When buying any insurance product, you might encounter terminology with which you're unfamiliar. One term you will find in almost all private health insurance plans is "waiting period." While this term can confuse some people, it's one of the more straightforward to understand.
So what exactly is a waiting period?
Some aspects of your plan may not become active for a specific period. This is what's known as the waiting period.
So, the waiting period is the time you must wait before those specific elements of your coverage become active and you can use them.
If you make a claim for something subject to a waiting period during it, your insurer is unlikely to approve it, although certain insurers may apply discretion in some cases.
Depending on your insurer, you may see a waiting period called an elimination or qualifying period.
How do waiting periods work?
Waiting periods can vary by insurer and the level of coverage you buy.
As such, if you want to ensure that you will have coverage for specific conditions from day one of your insurance plan, you’ll need to ask a sales representative or review each insurer’s available documentation.
Why do waiting periods exist?
Waiting periods often apply to conditions or circumstances that are expensive to treat or that may require long-term attention.
However, the primary reason insurers apply waiting periods is to safeguard against individuals who may take out insurance, not disclose any pre-existing conditions, and immediately seek treatment for the condition in question.
Are waiting periods fixed?
It depends on your insurer.
In addition to waiting periods sometimes changing depending on the level of cover you're buying, you may also have the option to alter a waiting period, similarly to how you can often choose your deductible.
The main thing to understand is that if you're able to change waiting periods, that will impact your premium.
For example, if you get a health insurance quote that you feel is unaffordable, an insurer might be able to extend your waiting period for certain conditions to reduce your premium. While this may seem positive, consider whether you would be happy with this. Remember, if you fall ill with the condition that is subject to a waiting period, you won't be covered and will have to pay for treatment yourself. So as well as thinking about the reduced premium, consider your ability to cover your medical expenses should you fall ill with a condition subject to a waiting period.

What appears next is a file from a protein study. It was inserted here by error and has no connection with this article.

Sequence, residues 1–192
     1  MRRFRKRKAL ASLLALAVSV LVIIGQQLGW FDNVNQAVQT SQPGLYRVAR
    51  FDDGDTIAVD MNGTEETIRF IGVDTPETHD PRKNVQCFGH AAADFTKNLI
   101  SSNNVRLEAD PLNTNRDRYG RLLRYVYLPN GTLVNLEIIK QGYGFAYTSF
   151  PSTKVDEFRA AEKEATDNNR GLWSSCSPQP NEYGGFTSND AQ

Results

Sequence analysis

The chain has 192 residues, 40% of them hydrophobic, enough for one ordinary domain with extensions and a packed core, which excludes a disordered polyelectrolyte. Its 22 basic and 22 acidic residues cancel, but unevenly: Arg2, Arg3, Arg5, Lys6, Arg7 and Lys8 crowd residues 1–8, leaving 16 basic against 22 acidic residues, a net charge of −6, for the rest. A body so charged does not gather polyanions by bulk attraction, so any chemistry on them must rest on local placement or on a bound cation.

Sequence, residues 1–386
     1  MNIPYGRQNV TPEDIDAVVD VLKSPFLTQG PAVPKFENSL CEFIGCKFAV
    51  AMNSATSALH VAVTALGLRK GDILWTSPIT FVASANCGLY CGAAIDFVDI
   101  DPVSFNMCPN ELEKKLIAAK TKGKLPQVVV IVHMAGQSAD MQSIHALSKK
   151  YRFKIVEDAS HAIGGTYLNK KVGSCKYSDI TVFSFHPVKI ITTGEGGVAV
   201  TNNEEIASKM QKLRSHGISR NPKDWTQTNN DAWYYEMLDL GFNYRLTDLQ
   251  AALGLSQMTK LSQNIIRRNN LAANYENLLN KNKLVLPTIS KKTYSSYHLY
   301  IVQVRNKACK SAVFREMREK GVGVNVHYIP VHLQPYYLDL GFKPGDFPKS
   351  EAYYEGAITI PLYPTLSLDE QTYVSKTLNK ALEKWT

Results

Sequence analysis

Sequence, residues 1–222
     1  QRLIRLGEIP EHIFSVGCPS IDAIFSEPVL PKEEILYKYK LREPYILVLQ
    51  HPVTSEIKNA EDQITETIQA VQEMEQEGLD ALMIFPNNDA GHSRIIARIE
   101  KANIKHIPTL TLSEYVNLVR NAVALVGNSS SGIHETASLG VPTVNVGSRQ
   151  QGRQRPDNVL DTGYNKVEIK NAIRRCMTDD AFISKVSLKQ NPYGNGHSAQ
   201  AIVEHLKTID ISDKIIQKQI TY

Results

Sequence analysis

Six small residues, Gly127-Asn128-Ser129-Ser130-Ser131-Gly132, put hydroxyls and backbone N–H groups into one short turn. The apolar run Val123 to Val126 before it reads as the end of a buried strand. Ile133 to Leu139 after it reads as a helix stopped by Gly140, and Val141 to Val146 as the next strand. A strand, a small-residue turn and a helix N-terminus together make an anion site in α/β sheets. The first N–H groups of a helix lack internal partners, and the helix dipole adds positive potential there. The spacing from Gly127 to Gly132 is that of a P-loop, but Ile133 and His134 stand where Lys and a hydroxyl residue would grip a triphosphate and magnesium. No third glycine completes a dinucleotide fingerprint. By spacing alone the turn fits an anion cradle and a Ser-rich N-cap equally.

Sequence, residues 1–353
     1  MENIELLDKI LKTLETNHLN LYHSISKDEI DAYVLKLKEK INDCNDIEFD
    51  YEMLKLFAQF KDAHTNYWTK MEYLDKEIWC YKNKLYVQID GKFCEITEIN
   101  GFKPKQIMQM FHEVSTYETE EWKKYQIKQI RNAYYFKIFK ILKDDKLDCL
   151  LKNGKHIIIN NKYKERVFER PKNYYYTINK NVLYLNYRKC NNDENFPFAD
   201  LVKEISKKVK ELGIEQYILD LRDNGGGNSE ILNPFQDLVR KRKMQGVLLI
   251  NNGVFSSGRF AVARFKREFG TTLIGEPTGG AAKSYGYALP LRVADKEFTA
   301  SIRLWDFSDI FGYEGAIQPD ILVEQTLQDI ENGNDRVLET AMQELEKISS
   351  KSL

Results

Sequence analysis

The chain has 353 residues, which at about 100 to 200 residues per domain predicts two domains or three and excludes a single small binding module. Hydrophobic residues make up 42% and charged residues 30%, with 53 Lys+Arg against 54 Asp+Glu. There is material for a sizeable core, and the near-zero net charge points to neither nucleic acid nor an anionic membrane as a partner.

In contrast, if you're worried about developing a specific condition for whatever reason, some insurers may give you the option of paying a higher premium to reduce your waiting period for particular conditions.
Are there any typical waiting periods for certain conditions?
While they vary across insurers and plan types, there are some ballpark waiting periods for certain conditions that it’s worth knowing before you search for or buy health insurance.
- Cancer and cardiovascular conditions can sometimes have waiting periods of up to two years. As of 2023, there is no waiting period to claim for these conditions with a Now Health International plan, so long as they're not pre-existing.
- Maternity care often has a waiting period of 10 to 12 months. In such cases, for maternity cover to be valid, you'd need to not be pregnant when you took out a health plan. However, some insurers may provide full cover after as little as 90 days.
- Dental care typically has a waiting period of six to 12 months. Sometimes, insurers impose specific waiting periods for individual treatments or restrictions on how often you can receive a particular type of dental treatment.
In addition to these typical waiting periods, some insurers may offer specific benefits that only kick in after a certain period of cover. For example, as of 2023, Now Health International offers AIDS coverage as an additional benefit on WorldCare plans, but only after three years of continuous coverage.
What about pre-existing conditions?
In most cases, health insurers won’t cover pre-existing conditions as standard.
However, some may cover pre-existing conditions at an additional premium, although these will likely also be subject to a waiting period. Waiting periods attached to pre-existing conditions are likely to depend on several factors, including the condition itself, how often you require treatment, and the last time you exhibited symptoms.
If your pre-existing condition increases your risk factors for other, non-directly linked conditions, this may also impact your premium.
Ultimately, how any pre-existing conditions are treated will depend on your insurer and plan type, so ensure you do your research and ask plenty of questions if you feel you require coverage for pre-existing conditions.
Get a private health insurance quote from Now Health International
If you're looking for private health insurance, you can review all our brochures to learn more about our waiting periods and all the features and benefits you'll enjoy when you can become a Now Health International member.
Alternatively, you can view all our plans and get a quote here.